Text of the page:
Sandy Kirby is a hero for horses. She helps horses who have been neglected and mistreated and rehabilitates them, giving them a second chance at a good life. ~Declan
Romance farm takes on underloved horsesOriginally Published November 25, 2012 at 12:00 a.m.
Updated November 23, 2012 at 9:45 a.m.
ROMANCE — This summer’s drought was difficult for many across Arkansas.
For some, it meant charred grass and crops. The cost of feeding livestock skyrocketed. For Sandy Kirby, owner of Sunshine Acres Ranch, it meant more horses in need of help.
“Hay went from $23 to $68.50 a round bale,” Kirby said. “It’s higher than it’s ever been.”
While many owners in the state had been able to let horses graze in years past, the drought left fields nothing more than weeds. Unable to afford hay, desperate owners have been abandoning their horses.
“People are dumping them out in parks or trying to dump them with wild horses on preserves,” Kirby said. “You used to worry about people stealing horses on certain trails. Now, there are signs saying, ‘Make sure you take your horse with you when you leave.’”
With a love of horses going back to when she was just a kid, Kirby began offering horse-rehabilitation services and taking on neglected horses just a few years ago. Since the start of the year, Kirby estimates she has helped rescue around 20 horses from situations where they might otherwise have been taken to a sale barn and likely sent to slaughter. Occasionally, owners who are no longer able to care for their animals call her directly. Other times, it’s local law-enforcement personnel who reach out when they’ve found a neglected horse.
Five months ago, men with the White County Sheriff’s Office brought her Blaze, who had been leg-deep in mud. The horse came in with his ribs jutting out and with open sores on his face from abuse.
“They found him down in Sheridan in a small pen with wet, moldy hay,” Kirby said.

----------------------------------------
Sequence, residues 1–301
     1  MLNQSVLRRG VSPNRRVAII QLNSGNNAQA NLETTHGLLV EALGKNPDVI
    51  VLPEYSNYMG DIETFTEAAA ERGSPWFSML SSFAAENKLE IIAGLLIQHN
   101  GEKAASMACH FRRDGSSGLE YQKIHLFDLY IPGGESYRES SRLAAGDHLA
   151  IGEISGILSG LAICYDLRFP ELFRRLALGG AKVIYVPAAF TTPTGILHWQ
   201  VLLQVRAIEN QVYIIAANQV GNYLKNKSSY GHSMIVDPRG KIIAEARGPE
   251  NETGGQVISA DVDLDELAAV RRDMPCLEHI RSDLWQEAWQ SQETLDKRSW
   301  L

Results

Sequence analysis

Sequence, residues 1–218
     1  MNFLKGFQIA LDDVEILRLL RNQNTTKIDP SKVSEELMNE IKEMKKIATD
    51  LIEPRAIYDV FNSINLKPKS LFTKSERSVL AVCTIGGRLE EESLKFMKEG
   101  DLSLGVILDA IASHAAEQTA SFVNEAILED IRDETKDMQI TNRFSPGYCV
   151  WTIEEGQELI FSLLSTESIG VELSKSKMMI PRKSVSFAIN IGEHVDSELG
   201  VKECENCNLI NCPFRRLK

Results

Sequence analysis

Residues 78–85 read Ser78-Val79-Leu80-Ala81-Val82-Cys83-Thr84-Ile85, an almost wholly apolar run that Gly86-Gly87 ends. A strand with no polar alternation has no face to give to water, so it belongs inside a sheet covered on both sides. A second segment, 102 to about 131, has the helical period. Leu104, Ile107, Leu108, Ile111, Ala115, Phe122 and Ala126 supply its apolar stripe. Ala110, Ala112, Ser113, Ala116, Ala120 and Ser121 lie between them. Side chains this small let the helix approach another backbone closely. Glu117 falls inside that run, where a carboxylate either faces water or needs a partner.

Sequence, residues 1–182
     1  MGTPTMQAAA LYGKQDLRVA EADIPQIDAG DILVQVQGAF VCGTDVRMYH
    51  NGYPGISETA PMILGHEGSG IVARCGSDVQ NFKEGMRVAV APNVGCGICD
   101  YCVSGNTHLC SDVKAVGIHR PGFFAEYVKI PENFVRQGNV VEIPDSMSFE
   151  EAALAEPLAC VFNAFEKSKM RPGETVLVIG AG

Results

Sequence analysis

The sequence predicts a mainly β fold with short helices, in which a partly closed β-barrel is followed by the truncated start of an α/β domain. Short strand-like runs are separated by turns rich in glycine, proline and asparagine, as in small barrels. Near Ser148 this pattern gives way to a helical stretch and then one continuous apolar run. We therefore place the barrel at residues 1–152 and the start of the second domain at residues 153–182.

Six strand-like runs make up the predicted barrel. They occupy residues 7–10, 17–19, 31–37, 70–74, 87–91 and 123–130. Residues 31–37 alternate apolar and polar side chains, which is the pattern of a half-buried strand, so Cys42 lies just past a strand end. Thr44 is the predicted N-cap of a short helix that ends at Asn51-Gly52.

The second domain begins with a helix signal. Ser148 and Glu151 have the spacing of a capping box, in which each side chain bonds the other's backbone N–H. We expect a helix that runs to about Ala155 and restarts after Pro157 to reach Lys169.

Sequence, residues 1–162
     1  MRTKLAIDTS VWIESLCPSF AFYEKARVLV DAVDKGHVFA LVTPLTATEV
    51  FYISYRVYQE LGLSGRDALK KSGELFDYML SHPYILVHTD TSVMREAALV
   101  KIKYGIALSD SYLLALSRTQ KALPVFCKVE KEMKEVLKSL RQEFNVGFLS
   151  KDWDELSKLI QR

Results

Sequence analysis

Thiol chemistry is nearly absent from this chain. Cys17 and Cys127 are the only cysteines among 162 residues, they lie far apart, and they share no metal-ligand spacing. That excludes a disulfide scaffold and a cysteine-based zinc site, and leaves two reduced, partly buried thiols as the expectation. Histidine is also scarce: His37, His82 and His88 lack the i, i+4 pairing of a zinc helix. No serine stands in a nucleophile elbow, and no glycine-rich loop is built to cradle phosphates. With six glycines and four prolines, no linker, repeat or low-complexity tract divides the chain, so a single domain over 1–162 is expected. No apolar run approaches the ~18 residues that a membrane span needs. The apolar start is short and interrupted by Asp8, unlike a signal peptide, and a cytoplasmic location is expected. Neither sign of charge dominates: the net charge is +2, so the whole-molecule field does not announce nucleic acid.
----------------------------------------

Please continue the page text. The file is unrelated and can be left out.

In a large indoor round pen on her 127-acre farm, Kirby, 58, keeps injured horses active and properly fed while working on their balance and fear. She works with a team of six volunteers and hired helpers, along with vets and farriers (specialists in horse hoof care). The staff spends as much time with the horses as possible. Feedings alone take hours a day, but the staff devotes a lot of time to working with individual horses.
“Horses can get lazy, and if it hurts to move, they won’t,” Kirby said. “We slowly work them up to doing little jumps and get them used to noise and sudden movements.”
Having free-roaming chickens often walking in and out of the round pen helps the horses get used to loud noises. Kirby will often kick large inflatable balls around the pen while walking a nervous horse, helping the horse gradually learn not to jump at the unknown movements.
To combat what Kirby describes as “the hay crisis,” the ranch began hydroponically growing sprouts and grass in a large trailer on the property in September. The system, known as a fodder system, was installed at the urging of Kirby’s son, Steven, who is currently deployed with the U.S. Coast Guard. Though he couldn’t be there to help his mom on the ranch, Kirby researched a way to help relieve some of the financial pressure of the hay shortage. Eventually, Kirby hopes to grow enough sprouts and grass on the farm to use 750 pounds of the feed a day. The sprouts, Kirby said, have many health benefits over hay, including helping to prevent ulcers, as well as respiratory and joint issues.
In addition to working with what the horses eat, how they move and building their muscles, Kirby is certified in equine-sports-therapy massage and incorporates it into her rehab work.
“If you’ve had a massage, you know how good it feels, and it’s the same for them,” Kirby said. “It’s about being able to make a horse relaxed.”
Her way with horses keeps people coming back to Sunshine Acres Ranch when they find a horse in trouble. When he was working with the White County Sheriff’s Office, Doyce Dougan of Prattsville brought Blaze to Kirby.
“She can do just about anything with a horse,” Dougan said. “She can take a horse that is limping and massage it and get it healed up. She can take on one that’s just rebellious and work with it until it can walk around calm.”
Though Blaze’s condition brought tears to Kirby’s eyes, Dougan knew she’d be able to bring him back.
“She’s a great person, and you can tell she just loves [the horses] like I do,” Dougan said.
Kirby’s care for the horses extends to the dozens of animals she has on the ranch, which she’s owned since the ’80s. Though she worked as a dental hygienist in the area for years, she now works on the ranch full time raising chickens, rabbits, goats, sheep and horses. The ranch offers riding lessons, a petting zoo, bonfires and birthday parties.
After a cancer diagnosis in 2003, Kirby recovered fully through what she describes as God’s healing. After the ordeal, she became a minister and now runs Romance Roundtop Ministries from the ranch once a month.
Every part of her work, she says, is out of love.
“Seeing that what we do makes a difference is great,” Kirby said.